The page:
The Complete Story of the Author of Twelve Years a Slave states Solomon Northup was born on July 10th, 1807 in Schroon, New York, as a free person of color. He grew up in Washington County and is best well-known for being an American farmer, laborer, and musician. Northup did repairs on the Champlain Canal, received contracts to carry materials for it, and often played the fiddle during local dances. It is likely that he also worked on canal boats near the Eerie Canal in central and western New York state.
Mintus Northup, his father, was born into slavery, but emancipated after the his master Captain Henry Northup died, who wrote in his will that the slaves he owned be manumitted. Solomon’s father purchased a farm, which was large enough to fill the property ownership requirement for blacks to vote. Northup received some education at a young age and helped on his father’s farm. He married Anne Hampton in 1828 and eventually had three children. In the year 1834, he sold the farm and moved to Saratoga Spring, New York, where he assisted in building a railroad for the community. He worked odd jobs for some hotels in the area and quickly became known for his talent with the fiddle. This is a key fact that would shape the following years for him.
Northup enjoyed over thirty years of liberty and freedom in the free state of New York. In March, 1841, he was approached by a pair of men who told Northup they were circus performers, and offered to pay him to join as a fiddler then travel south from New York. He agreed and departed without telling his wife. Shortly after he arrived in Washington, D.C., in April, he was drugged with liquor and fell unconscious, only to wake up in handcuffs in an underground cell where he was held captive as a slave. After, he was shipped to Richmond, Virginia, then sent off by boat to New Orleans, Louisiana. In June, Northup was auctioned off at a slave market for $650 and renamed Platt Hamilton. For the next twelve years, Northup would remain in the Bayou Boeuf plantation region of Red River Valley in central Louisiana. His wife and children had no way of finding out where he was.
William Prince Ford, the man who purchased Northup, ran a lumber mill. Northup later praised Ford for his kindness in his book. Unfortunately for Northup, Ford had no choice but to sell him to the ruthless John M. Tibaut in 1842 due to financial circumstances. Northup refers to him as “Tibeat” and was his only slave. However, Ford maintained forty percent ownership as the sale was to repay a debt owed to Tibaut, but was not worth the whole amount of Northup. One day Tibaut tried to whip him but Northup resisted and fought him, which led to further punishment. The angry Tibaut went to get help from neighboring bystanders to beat Northup. Instead, Northup was saved by a nearby ally, Anderson Chafin. After several fights, Northup fled to Ford’s protection, who ordered Tibaut either sell or lease him.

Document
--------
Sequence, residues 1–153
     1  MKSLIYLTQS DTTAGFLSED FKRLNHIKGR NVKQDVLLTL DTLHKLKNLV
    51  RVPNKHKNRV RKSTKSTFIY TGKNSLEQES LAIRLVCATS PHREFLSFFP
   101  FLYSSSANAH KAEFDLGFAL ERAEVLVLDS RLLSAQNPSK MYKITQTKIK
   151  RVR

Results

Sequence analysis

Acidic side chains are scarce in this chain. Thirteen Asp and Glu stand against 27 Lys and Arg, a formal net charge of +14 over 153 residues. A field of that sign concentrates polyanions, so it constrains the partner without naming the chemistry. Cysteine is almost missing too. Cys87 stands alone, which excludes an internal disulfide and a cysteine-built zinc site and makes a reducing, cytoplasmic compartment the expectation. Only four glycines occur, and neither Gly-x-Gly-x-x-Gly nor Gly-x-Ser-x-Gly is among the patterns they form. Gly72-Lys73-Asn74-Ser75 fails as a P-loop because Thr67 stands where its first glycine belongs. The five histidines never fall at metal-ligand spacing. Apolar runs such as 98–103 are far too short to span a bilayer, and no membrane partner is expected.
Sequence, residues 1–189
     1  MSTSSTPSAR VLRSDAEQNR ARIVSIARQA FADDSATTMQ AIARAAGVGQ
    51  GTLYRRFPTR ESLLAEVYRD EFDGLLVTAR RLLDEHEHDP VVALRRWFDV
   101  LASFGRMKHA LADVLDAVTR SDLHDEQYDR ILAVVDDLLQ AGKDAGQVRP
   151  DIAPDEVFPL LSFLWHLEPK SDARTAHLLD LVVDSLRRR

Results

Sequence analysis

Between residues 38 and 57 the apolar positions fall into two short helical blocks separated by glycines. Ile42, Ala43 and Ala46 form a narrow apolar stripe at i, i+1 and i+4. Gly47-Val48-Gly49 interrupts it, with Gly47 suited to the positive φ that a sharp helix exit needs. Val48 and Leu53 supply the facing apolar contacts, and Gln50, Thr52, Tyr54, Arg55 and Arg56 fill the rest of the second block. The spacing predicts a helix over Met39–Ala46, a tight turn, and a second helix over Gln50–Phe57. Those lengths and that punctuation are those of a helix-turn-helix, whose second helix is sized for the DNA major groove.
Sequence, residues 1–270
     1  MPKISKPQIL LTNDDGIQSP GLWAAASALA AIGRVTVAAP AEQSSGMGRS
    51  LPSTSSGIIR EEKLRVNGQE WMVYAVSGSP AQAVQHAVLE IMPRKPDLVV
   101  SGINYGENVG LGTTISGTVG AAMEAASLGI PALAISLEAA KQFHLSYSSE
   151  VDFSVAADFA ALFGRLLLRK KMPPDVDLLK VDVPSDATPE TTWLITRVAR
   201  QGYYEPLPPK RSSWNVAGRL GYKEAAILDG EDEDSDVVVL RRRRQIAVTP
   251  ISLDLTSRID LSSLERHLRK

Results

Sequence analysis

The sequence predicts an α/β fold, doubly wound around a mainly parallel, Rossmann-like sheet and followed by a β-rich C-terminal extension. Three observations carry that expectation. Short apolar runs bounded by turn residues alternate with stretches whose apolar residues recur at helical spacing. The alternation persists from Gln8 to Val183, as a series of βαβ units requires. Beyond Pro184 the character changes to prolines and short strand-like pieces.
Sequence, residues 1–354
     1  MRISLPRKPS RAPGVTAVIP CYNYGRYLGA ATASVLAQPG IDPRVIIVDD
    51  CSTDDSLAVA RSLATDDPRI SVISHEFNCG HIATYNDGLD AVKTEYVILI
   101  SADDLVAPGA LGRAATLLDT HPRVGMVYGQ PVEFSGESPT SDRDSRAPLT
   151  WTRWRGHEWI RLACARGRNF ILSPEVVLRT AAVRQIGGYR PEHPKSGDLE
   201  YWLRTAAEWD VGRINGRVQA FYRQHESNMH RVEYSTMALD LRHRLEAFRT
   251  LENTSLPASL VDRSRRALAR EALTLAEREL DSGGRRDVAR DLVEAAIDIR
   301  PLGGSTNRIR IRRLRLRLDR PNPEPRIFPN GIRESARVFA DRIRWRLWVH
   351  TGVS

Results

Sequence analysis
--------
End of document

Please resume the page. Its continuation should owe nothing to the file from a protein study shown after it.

Finally in April of 1843, Northup was sold to Edwin Epps, who he would work for the next ten years. He was both a field hand and an artisan slave, and was sometimes rented out to sugar planters and processors. He was often a driver, or a person in charge of the other slaves. There was a period of time where Epps went through a more aggressive phase, during which Northup attempted to run away a few times but failed.
In June of 1852, an abolitionist carpenter by the name of Samuel Bass, who came from Canada to visit Epp’s farm, took Northup’s letters to deliver them to his friends and tell them of what happened so he could be rescued. One of the letters made it back to his wife, Anne, who, with the help of Northup’s longtime friend and grandnephew of Mintus’ owner, Henry B. Northup, was determined to rescue Northup.
Henry gathered a lot of support from people at Sandy Hill (currently Hudson Falls) and Fort Edward, New York, to save Northup. In 1852, Governor Washington Hunt made Henry an agent of the State of New York to rescue Northup under an 1840 statute created to save New York citizens sold into slavery. Henry traveled to Louisiana with letters from a Supreme Court justice and a senator. Bass also hired a local counsel. Northup was found and legally freed on January 4th of 1853. His kidnapping gained a lot of press coverage. One New York Times article headlined.
Later in January, Northup returned to his family and word of his rescue spread quickly. On his way home, he stopped in Washington, D.C. to charge James H. Birch, the man who had tricked him into slavery. Unfortunately for Northup, he was not permitted to testify against a white person under Washington law because he was African-American. The case was dismissed after two different slave dealers testified on Birch’s behalf. Also in 1853, David Wilson, a local writer, and Northup wrote his book Twelve Years a Slave. Within only three years, the memoir sold over thirty-thousand copies which Northup used the money to buy land in upstate New York to live with his family.
During this time, Northup quickly gained fame and went on long speaking tours as a result of his widespread notoriety. In 1854, those who held Northup as a slave were found and arrested. A New York state judge remembered seeing two white men traveling to Washington with Northup and came back without him. Their names were Joseph Russell and Alexander Merrill. In July of the same year, a case was brought against them in the state of New York where Northup was allowed to testify. However, the case was ultimately dismissed for unclear reasons in May of 1857 after going through the state supreme court and later the court of appeals for two years.